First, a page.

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yeah, right
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Discussion Starter #1
Getting power to shed located at other side of the house.

50A breaker in main panel
Run 6/3 NM from panel through the attic to the other side of the house
Come out of house about 12" above grade
Splice to 6/3 UF in junction box (mininum 35ci)
Over to shed, about 8 feet from house, in 1-1/2 PVC
Stub up through shed slab with PVC
Continue through shed about 15' with UF to subpanel location

Does this sound reasonable?
 

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Getting power to shed located at other side of the house.

50A breaker in main panel
Run 6/3 NM from panel through the attic to the other side of the house
Come out of house about 12" above grade
Splice to 6/3 UF in junction box (mininum 35ci)
Over to shed, about 8 feet from house, in 1-1/2 PVC
Stub up through shed slab with PVC
Continue through shed about 15' with UF to subpanel location

Does this sound reasonable?
Mostly OK, but two things. Why not take 6-3 UF all the way to the main panel and avoid the splice? Also, why not stub the pipe up in the slab at the location of the sub, instead of running for 15' inside?
 

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Getting power to shed located at other side of the house.

50A breaker in main panel
Run 6/3 NM from panel through the attic to the other side of the house
Come out of house about 12" above grade
Splice to 6/3 UF in junction box (mininum 35ci)
Over to shed, about 8 feet from house, in 1-1/2 PVC
Stub up through shed slab with PVC
Continue through shed about 15' with UF to subpanel location

Does this sound reasonable?
Do not put the UF in a conduit. Run individual conductors in the conduit. Like InPhase said, run the conduit underground and under the slab all the way to where the panel will be. That is if the slab is not already poured.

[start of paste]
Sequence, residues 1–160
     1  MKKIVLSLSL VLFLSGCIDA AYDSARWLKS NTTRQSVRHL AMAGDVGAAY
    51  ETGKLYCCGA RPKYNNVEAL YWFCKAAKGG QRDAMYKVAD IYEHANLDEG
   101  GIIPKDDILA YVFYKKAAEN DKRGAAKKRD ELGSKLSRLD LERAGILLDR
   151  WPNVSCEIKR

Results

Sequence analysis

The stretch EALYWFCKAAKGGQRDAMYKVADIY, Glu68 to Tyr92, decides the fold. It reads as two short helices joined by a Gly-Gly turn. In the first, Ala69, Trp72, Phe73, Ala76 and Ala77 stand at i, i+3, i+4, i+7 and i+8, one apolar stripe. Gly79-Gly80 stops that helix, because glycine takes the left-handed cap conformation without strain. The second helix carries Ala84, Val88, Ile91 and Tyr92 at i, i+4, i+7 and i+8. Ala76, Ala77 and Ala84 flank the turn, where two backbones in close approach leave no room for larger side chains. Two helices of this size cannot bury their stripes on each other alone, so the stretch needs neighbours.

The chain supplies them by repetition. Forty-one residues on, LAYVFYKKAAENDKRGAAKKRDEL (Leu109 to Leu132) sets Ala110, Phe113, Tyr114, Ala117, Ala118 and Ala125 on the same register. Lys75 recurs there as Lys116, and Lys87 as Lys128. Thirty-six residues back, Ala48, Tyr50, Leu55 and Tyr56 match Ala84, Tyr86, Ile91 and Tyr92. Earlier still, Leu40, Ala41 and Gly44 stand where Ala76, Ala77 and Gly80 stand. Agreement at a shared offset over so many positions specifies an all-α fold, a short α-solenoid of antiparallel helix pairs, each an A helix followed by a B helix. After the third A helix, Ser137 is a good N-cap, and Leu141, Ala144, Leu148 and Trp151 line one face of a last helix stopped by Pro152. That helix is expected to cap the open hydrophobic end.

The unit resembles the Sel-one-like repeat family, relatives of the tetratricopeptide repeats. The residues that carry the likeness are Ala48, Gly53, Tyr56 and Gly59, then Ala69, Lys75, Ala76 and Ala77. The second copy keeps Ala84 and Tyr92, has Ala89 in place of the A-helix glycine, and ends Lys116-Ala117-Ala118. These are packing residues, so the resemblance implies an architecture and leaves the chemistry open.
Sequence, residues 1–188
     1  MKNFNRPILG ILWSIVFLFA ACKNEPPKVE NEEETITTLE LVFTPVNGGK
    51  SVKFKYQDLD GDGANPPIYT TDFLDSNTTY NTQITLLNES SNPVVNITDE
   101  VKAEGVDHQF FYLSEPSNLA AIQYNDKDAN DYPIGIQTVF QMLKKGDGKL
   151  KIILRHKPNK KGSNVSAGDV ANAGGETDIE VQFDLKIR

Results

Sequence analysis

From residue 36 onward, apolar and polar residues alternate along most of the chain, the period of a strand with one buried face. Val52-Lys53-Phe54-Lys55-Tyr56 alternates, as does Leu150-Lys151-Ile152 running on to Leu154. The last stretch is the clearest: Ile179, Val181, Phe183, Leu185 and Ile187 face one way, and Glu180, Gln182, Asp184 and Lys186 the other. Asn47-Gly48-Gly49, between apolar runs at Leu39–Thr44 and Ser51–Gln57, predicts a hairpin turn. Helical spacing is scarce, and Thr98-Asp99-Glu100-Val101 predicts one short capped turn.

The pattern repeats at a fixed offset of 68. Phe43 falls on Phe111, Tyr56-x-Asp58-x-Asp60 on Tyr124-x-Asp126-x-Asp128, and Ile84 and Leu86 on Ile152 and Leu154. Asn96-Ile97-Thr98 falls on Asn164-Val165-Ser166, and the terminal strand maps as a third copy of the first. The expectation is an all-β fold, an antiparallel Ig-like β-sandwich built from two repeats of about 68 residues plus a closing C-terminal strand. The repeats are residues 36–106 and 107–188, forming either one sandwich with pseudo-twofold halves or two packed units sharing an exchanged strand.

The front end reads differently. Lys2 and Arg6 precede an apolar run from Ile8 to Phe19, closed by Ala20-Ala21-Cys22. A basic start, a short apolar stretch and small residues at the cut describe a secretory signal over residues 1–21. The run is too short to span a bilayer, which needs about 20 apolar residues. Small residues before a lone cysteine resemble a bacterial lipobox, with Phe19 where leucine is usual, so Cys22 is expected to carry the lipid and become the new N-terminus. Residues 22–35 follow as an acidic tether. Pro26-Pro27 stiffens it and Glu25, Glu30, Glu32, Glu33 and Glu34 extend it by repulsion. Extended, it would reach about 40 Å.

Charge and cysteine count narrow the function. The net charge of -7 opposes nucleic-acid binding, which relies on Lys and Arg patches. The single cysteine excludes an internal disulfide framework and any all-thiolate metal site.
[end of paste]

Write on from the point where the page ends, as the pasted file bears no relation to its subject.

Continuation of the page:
If its not poured, you can run as many conduits as needed under the slab and stub up for receptacle boxes and switch boxes. Most of your branch circuits. This saves on time and material.
I love to get in there before they pour the slab just for this reason. :thumbsup:
 

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yeah, right
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142 Posts
Discussion Starter #4
Mostly OK, but two things. Why not take 6-3 UF all the way to the main panel and avoid the splice?
By the time I go up, across, and down its about a 75 foot run from the panel to the other side of the house. Using NM will save a few bucks, but it might not be worth it. If I don't have to splice I can skip the big junction box and run it out of the house through an LB.

Also, why not stub the pipe up in the slab at the location of the sub, instead of running for 15' inside?
That would be my first choice. I got hardpan to deal with. I'm going from the house to the shed with the least amount of digging. Its easier to drill a few holes in 2x4's than it is to dig.

I started digging this morning and ran into problems. I don't mind using a shovel, but having to use a 6' digging bar to chip away at it gets boring fast. I'm soaking it for a few hours and that might loosen it up. If I can't get down to 18", I'm thinking of using RMC instead.
 

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yeah, right
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142 Posts
Discussion Starter #5
Do not put the UF in a conduit. Run individual conductors in the conduit.
If I do the entire run in UF from main panel to sub panel as InPhase suggested, I can avoid splices and junction boxes.

Like InPhase said, run the conduit underground and under the slab all the way to where the panel will be.
See above. But you're welcome come over and show me the finer points of shovelry.
That is if the slab is not already poured.
Not poured yet, which is why I want to get the conduit in place.

If its not poured, you can run as many conduits as needed under the slab and stub up for receptacle boxes and switch boxes. Most of your branch circuits. This saves on time and material.
I love to get in there before they pour the slab just for this reason. :thumbsup:
In this case, that's not going to be optimal. The shed isn't that big and I'm not sure where things are going to go yet, the time is mine, and I've got plenty of leftover 14-2, 14-3, and 12-2 to use up.
 

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Once you are to the slab, you don't have to be in the ground any longer. You just need to be under 2" of concrete. Once you reach the edge of the slab, let the pipe ride up out pf the ground and take it anywhere you wish.
 
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